Ben Maher and Explosion W – a lethal duo that blew away all competitors

Ben Maher, the newly crowned Olympic showjumping champion, was well aware that he was piloting the equine equivalent of a Ferrari in his pursuit of gold medal glory.

In such an unpredictable sport, it is rare for a single combination to arrive at the Olympic Games as hot championship favorites.

However, as was the case with Nick Skelton and the great Big Star in Rio five years ago, this is a combination that has the potential to be world-class.

Maher radiated confidence after his triumph in the Rolex Grand Prix Show at the Royal Windsor Horse Show last month, to the extent that he joked that the horse could definitely cook him breakfast if he asked.

And, although he acknowledged that he had never driven a Ferrari, he added, “I suppose riding Explosion is how it feels.”

Riders describe their “once-in-a-lifetime” horse. Others never locate one, but Maher, 38, knew Explosion’s engine was humming and ready to slide through the gears.

“When I ride with a little of speed, he gets confidence,” Maher said. “I’d rather rely on his quality and ride at his pace.”

Maher was born and raised in Enfield, the same location as Great Britain’s multiple Olympic dressage champion Charlotte Dujardin. She started riding when she was eight years old.

He attended Saffron Walden County High School and soon blossomed in his riding career, first with renowned British trainer Liz Edgar – the sister of double Olympic bronze medalist showjumper David Broome – and then with international rider Beat Mandli in Switzerland.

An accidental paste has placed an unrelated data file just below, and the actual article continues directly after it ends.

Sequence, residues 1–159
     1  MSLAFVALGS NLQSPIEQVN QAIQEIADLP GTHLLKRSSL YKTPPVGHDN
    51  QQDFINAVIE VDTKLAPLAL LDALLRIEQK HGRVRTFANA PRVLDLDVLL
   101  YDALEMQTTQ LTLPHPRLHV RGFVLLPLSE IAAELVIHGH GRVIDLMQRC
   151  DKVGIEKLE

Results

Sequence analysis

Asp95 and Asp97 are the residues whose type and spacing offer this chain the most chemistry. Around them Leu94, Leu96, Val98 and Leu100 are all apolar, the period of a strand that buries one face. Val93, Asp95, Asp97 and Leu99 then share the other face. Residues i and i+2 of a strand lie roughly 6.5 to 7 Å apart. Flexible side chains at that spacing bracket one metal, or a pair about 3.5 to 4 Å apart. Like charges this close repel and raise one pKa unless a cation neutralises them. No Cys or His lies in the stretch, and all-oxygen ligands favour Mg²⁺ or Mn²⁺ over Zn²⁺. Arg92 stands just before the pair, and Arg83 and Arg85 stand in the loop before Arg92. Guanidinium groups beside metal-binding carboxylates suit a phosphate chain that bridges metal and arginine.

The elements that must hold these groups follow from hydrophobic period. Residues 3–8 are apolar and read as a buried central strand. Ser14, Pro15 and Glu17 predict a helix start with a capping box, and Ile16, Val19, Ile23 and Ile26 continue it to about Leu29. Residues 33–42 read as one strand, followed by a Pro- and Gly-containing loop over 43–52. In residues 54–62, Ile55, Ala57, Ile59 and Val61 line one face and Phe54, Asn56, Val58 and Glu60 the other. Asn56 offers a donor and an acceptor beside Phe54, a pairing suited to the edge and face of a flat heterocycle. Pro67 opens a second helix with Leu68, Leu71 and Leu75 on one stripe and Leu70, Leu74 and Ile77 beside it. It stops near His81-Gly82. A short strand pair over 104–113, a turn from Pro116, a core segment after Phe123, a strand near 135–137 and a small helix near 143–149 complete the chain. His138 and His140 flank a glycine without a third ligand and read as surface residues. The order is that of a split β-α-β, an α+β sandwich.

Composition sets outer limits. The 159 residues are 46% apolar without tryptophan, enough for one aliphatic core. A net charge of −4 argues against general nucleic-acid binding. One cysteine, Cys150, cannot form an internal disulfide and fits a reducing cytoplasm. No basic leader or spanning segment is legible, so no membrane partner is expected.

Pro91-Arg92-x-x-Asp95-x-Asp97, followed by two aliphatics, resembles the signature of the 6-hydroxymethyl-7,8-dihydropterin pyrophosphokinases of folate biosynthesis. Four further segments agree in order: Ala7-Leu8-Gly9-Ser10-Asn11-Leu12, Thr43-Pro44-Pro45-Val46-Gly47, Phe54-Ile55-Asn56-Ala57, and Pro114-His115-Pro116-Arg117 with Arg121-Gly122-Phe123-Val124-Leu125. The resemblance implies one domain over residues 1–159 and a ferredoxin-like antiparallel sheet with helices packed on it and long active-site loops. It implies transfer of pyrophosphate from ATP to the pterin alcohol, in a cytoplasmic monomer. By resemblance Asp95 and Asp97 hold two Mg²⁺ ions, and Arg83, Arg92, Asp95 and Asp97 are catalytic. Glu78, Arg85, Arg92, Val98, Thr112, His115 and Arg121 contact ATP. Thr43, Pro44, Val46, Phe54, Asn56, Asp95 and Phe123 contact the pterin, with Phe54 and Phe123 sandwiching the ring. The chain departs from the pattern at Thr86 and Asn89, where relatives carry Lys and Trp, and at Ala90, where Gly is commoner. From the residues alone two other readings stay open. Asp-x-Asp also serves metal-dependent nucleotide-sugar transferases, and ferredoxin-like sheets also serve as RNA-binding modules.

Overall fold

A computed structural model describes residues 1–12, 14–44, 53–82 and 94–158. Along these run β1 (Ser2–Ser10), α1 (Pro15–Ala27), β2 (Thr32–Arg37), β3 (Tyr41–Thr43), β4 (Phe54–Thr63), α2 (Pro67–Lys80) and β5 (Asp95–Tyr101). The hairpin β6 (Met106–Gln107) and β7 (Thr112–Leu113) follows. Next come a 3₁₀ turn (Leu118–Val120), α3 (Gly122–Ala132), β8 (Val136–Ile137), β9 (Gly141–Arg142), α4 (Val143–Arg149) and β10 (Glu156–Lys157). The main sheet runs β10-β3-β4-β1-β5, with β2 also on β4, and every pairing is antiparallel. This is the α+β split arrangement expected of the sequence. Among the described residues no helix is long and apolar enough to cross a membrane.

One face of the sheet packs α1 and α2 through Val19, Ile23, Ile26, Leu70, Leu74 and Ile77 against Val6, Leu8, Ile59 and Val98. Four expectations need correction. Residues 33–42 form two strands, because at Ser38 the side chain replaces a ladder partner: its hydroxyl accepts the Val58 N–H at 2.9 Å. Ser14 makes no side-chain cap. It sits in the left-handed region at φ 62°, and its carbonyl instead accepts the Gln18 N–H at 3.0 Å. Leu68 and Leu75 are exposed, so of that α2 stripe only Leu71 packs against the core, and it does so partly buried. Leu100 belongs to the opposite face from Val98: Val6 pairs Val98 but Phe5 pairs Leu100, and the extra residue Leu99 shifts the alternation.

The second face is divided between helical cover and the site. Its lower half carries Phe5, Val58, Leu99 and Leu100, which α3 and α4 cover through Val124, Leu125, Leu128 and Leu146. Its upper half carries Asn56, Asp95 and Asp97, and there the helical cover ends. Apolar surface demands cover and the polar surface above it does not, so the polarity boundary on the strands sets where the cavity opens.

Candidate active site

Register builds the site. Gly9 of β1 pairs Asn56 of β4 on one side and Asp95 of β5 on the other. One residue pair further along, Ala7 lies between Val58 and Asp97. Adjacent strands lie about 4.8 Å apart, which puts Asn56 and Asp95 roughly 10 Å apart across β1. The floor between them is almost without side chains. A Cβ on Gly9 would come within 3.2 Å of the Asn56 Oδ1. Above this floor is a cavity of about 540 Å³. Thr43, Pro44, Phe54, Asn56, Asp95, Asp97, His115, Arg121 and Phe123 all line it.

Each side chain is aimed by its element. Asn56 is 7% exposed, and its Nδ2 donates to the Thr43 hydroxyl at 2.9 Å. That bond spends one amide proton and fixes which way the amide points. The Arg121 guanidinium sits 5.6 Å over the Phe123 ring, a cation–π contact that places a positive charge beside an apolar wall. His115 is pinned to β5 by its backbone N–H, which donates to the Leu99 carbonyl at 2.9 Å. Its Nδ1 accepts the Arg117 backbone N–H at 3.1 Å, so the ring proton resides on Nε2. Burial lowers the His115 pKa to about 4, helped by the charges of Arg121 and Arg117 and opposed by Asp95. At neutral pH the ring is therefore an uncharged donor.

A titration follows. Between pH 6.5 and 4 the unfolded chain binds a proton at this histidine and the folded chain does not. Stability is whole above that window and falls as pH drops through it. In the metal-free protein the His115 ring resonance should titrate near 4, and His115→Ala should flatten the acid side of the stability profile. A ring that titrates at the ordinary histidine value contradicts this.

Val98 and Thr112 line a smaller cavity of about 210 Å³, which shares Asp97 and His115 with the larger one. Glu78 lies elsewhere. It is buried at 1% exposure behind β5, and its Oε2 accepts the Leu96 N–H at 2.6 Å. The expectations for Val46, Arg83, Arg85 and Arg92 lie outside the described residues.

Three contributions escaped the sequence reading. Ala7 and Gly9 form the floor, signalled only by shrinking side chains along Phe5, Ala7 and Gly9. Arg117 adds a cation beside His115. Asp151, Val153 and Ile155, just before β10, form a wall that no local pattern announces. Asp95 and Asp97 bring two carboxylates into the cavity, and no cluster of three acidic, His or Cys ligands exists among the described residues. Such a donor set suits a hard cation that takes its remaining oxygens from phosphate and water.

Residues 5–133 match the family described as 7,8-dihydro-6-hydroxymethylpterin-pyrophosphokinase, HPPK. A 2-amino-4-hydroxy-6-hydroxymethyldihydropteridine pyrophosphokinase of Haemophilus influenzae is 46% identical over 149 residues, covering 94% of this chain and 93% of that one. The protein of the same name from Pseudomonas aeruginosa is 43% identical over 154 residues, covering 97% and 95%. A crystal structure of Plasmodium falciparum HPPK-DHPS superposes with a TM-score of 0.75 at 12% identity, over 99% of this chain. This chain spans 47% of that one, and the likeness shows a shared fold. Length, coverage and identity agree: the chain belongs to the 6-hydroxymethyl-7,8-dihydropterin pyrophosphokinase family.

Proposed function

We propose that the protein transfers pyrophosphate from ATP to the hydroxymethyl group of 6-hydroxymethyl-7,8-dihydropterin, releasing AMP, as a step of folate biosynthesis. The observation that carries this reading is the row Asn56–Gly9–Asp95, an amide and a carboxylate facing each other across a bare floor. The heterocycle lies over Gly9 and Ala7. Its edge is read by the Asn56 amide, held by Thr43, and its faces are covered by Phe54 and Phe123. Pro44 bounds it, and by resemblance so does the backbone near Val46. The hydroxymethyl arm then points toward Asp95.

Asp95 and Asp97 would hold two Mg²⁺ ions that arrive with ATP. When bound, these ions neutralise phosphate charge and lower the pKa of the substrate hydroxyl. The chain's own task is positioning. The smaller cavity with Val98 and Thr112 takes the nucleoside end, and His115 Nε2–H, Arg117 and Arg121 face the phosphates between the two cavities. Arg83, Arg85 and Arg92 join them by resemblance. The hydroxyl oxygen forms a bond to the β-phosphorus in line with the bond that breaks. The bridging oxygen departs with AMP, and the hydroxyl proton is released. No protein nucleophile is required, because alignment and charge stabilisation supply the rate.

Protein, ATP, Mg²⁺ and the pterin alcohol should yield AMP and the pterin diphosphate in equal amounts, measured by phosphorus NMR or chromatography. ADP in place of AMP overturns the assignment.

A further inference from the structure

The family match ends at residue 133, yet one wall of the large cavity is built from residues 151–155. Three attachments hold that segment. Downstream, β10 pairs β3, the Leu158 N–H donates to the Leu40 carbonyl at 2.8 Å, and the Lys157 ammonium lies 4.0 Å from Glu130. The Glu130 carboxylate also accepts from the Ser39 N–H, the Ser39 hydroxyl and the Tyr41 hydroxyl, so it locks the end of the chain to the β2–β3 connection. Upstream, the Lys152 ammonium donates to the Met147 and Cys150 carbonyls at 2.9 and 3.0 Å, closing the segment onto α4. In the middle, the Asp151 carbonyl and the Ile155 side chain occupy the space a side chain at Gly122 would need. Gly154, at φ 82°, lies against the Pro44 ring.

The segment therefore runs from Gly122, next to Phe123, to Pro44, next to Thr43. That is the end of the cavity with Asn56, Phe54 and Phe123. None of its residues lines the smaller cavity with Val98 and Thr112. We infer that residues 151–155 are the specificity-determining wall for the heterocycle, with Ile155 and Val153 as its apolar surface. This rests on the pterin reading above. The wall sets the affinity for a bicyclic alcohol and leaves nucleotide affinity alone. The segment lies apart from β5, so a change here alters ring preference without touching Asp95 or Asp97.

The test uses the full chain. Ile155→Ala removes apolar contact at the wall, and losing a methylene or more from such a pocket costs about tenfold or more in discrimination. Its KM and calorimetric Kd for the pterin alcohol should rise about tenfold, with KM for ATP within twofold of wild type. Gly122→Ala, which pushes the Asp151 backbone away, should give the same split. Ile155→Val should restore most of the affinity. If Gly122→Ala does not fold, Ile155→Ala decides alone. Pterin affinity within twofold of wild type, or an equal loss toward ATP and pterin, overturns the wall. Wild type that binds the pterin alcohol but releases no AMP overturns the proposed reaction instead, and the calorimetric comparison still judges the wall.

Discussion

Maher moved quickly through the ranks, culminating in a European Young Rider team gold medal.

By the time he was 25, he had earned his first Olympic selection, representing Great Britain in Beijing, kicking off a run of four consecutive Games appearances, highlighting his performance consistency and enormous horse-power.

He began acquiring some exceptional horses – such as Robin Hood W, Tripple X III, and Cella – and it was aboard Tripple X that he helped Great Britain win a thrilling team gold medal at the 2012 London Olympics.

Together with current Tokyo colleague Scott Brash, Skelton, and Peter Charles, Britain ended a 60-year team showjumping drought, launching Maher’s career.

“The horse was not going to let me down,” Maher observed after his dramatic jump-off victory against Holland. “He jumped very well.

“Tripple X was outstanding from the first tournament he entered. He matured into his own person, and I’ve always felt he was going to be somebody great.”

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